Controls are good and tight, even with the Dreamcast's lop-sided analogue options - accelerate and decelerate are on the triggers, you 'look' with the stick, and activate shields, fire and alternate your weapons with the face buttons and d-pad. Aside from the long-winded story and varied missions, the other ace up Bang!'s sleeve is the fantastic visuals. While the various ships and space stations do look a like tired by today's standards with their lo-res textures, the actual theatres themselves are packed full of lens flares, huge planets and asteroid belts and all manner of other spectacular particle effects. Once the action heats up, there's so much going on at times that you have to remind yourself that the Dreamcast is a system from the late 90s - Bang! really does look very, very nice even by today's standards. A great game in truth, and the only one I've yet found that features a 'fat bloke' in the credits:

Starlancer
Year: 2000
Developer: Digital Anvil/Warthog
Publisher: Crave/Ubisoft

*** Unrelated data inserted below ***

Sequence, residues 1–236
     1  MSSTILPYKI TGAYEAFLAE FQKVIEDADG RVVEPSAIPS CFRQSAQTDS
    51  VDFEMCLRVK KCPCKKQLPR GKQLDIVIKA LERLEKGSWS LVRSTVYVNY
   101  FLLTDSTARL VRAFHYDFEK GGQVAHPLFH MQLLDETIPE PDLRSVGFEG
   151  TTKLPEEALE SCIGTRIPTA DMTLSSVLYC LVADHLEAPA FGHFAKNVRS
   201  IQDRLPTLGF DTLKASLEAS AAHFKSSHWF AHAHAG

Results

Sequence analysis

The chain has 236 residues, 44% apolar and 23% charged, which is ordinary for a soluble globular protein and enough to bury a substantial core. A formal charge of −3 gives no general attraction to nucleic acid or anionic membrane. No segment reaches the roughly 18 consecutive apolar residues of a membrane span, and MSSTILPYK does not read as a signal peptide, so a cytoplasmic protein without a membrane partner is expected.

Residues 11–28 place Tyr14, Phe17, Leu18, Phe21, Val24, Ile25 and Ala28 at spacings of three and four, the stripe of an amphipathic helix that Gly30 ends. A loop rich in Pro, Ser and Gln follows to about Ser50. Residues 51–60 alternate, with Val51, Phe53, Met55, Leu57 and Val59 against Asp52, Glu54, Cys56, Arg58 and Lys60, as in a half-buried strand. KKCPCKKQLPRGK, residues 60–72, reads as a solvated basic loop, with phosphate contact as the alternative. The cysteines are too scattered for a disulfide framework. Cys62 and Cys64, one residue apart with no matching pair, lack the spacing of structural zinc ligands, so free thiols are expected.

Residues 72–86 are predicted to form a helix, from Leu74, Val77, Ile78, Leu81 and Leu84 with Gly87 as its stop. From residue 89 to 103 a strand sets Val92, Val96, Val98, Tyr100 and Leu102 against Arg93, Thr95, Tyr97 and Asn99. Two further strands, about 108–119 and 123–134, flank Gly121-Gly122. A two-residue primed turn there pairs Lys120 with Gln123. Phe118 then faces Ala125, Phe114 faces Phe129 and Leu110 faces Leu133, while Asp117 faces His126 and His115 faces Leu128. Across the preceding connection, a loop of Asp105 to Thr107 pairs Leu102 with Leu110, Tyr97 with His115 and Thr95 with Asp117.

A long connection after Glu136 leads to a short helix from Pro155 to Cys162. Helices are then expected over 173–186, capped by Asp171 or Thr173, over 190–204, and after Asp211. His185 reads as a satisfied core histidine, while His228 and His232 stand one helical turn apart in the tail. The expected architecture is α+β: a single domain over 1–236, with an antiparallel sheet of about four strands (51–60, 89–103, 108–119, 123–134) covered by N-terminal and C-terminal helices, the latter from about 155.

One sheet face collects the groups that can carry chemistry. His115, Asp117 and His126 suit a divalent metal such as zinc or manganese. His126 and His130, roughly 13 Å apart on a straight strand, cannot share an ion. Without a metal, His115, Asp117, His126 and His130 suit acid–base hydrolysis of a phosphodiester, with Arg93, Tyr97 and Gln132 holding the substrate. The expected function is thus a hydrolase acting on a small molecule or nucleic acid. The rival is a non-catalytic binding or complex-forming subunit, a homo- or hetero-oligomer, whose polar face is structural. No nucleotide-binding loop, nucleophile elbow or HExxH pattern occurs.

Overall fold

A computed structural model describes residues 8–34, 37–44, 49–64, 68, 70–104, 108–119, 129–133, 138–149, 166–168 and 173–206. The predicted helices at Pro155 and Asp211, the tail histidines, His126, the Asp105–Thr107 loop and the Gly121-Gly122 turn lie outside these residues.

While US gamers had a pretty decent choice of space shooters with both Armada and Bang! Gunship Elite also vying for their money, Dreamcast owners in PAL territories had pretty much one place to get their thrills - Starlancer. That's no bad thing though, because out of the three Starlancer is by far the best of the bunch...by a country mile. Coming from Chris and Erin Roberts - the designers of the previously mentioned Wing Commander games - Starlancer is a full-blown space opera in every sense of the word. Where Armada and Bang! are great, story-driven experiences in their own right, Starlancer takes it one step further by throwing the player into what is essentially a science-fiction blockbuster of a game, complete with pretty much every cliche of the genre you could care to mention. It also differs from the others in this list in that the enemy threat here is actually human - an alliance of space communists out to destroy the network of colonies and space stations created by the peace-loving allied nations of Earth. It's basically the cold war, but in space. You, as ever, take on the role of a rookie fighter called up to join the 45th volunteer squadron and provide fighter cover for the remaining vestiges of the allied battle fleet as the top brass try to come up with an effective strategy to thwart an overpowering enemy. While Starlancer does look quite similar to Bang! aesthetically, the similarities pretty much end there: Starlancer is all about tactics and commanding your wingmen to attack serious targets, deploying counter measures and working together to take down swarms of intelligent enemy fighters and gigantic capital ships. All the while, radio chatter from your comrades bursts from your headset and the orchestral music adds to the tension. Cut scenes are brilliantly utilised to advance the story and the missions can branch depending on your actions, making Starlancer a truly huge adventure.